in Frankland
Episcopal authority and the reconciliation of excommunicants in England and Francia c.900–c.1150
Sarah Hamilton

scholars have investigated the law and rituals surrounding the imposition of excommunication, little attention has been paid to the reconciliation rites which marked its end and which are the focus of this essay. 3 Specific services for the reconciliation of excommunicants are first recorded in Francia in the early tenth, and in England only from the early eleventh century. Investigation of the textual

in Frankland
Paul Fouracre and Richard A. Gerberding

The turbulent career of Leudegar, bishop of Autun from c . 662 to 676 is central to the history of later Merovingian Francia. This heroic figure achieved great fame in life, and even greater fame after his death, and the body of writing which has accumulated around him has become an invaluable source for the history of his time. 1 This material was mined as early as the

in Late Merovingian France
Rachel Weil

order to sell books, the claim to have been imprisoned in Newgate licensed the author to write about high-stakes issues that affected the legitimacy of the new regime. Newgate was the place where, allegedly, the Jacobite Jew Francis Francia was tortured to extort information, and where the five men arrested in 1696 on suspicion of involvement in the Assassination Plot still languished without trial. The History of the Press-Yard accordingly offered readers a chapter on ‘the Usage and Sickness of Mr Francia the Jew’ and ‘The History of the Unfortunate Florimel, one of

in Connecting centre and locality
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The Franks and the world of the early middle ages
Editors: Paul Fouracre and David Ganz

This volume of essays in honour of Dame Jinty Nelson celebrates the way in which Jinty has used her profound understanding of Frankish history as a frame for reflecting upon the nature of early medieval culture and society in general. It includes a tabula gratulatoria of those very many others who wish to express their appreciation of Jinty's work and their warm personal gratitude to her. She has remained at King's throughout her entire career. Her early career was combined with young motherhood, a tough experience that has made her strongly supportive of colleagues trying to balance work and family. Although she continued to write about early medieval inauguration rituals, a new departure came with the 1977 paper 'On the limits of the Carolingian Renaissance'. The book discusses what factors determined and informed their particular take on the Frankish world, and how this compares to law-codes and charters. It considers the possibility that land was sometimes taken in early medieval Europe, whether by kings or local lords, for what they claimed was the common good. Whenever only meagre information was available, it was impossible to make sense of the past, that is, to take a prosaic approach to a sense of oblivion. The book explores both the roots of the historical interpretation and the stimuli for change, by considering the long historiographical tradition, attitudes to textual sources, and the changing political environment. The subjects of queens and queenship have figured prominently among Nelson's publications.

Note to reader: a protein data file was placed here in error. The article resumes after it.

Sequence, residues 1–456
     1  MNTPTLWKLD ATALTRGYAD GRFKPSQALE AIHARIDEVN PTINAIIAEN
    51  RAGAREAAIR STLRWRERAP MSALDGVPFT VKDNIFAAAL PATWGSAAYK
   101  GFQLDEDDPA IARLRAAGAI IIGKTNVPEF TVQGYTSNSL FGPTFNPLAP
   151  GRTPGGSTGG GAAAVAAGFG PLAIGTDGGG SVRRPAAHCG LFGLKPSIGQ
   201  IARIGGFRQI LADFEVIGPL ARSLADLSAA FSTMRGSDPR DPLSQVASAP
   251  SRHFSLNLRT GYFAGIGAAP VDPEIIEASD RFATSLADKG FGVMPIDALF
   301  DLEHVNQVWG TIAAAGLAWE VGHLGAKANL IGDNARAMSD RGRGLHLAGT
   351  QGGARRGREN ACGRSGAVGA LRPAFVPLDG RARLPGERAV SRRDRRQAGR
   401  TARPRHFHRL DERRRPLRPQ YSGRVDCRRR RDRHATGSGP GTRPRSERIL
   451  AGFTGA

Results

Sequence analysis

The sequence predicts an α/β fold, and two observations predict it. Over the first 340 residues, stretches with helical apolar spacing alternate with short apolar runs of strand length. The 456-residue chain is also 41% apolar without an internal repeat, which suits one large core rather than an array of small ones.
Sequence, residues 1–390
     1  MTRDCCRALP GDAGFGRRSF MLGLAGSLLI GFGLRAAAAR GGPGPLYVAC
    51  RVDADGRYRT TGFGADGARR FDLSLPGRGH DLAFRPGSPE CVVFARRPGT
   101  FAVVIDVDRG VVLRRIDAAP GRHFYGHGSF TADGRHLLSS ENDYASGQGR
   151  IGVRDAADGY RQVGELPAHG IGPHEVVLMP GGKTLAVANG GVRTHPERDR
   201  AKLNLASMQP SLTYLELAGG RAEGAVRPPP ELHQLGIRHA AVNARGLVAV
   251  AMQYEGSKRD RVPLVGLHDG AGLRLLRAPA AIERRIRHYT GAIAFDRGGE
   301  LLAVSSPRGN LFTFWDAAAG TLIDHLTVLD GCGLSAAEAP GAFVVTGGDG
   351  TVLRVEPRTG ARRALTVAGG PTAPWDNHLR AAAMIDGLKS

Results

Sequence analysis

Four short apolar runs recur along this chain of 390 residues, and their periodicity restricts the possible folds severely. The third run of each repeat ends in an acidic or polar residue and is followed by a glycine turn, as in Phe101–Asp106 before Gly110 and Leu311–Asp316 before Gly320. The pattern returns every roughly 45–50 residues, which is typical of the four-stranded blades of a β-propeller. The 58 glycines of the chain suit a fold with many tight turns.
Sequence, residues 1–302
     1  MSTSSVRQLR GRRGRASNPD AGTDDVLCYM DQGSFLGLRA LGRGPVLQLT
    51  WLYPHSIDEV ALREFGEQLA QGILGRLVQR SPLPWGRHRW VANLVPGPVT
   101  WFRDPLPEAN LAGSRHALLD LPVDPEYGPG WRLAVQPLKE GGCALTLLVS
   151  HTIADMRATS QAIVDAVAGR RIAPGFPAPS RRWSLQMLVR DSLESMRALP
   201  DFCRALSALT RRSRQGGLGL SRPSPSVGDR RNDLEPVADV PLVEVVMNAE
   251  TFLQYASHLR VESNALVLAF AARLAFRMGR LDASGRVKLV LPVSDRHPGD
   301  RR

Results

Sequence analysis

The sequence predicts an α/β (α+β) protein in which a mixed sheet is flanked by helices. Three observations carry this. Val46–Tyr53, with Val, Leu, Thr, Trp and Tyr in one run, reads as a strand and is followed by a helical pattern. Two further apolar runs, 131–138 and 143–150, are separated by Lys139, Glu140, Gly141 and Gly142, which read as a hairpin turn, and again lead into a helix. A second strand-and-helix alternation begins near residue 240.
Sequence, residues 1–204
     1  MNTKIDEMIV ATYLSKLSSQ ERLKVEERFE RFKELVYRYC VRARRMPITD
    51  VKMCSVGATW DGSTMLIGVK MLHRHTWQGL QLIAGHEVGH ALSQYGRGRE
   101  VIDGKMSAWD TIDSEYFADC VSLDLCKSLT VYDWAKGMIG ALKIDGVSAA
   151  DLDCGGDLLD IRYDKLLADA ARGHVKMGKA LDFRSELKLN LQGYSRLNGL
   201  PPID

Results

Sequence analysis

Margaret J. McCarthy

Introduction King Louis the Stammerer succeeded Charles the Bald on the throne of West Francia in 877, inheriting both his father’s kingdom and his father’s advisers. Prominent among those advisers was Hincmar, archbishop of Rheims, who was the chief architect of Louis’s coronation, composing and conducting the coronation ritual. A common narrative about Hincmar in the 870s is that he was losing favour near the end of Charles the Bald’s reign, 1 but then Louis the Stammerer’s accession provided another

in Hincmar of Rheims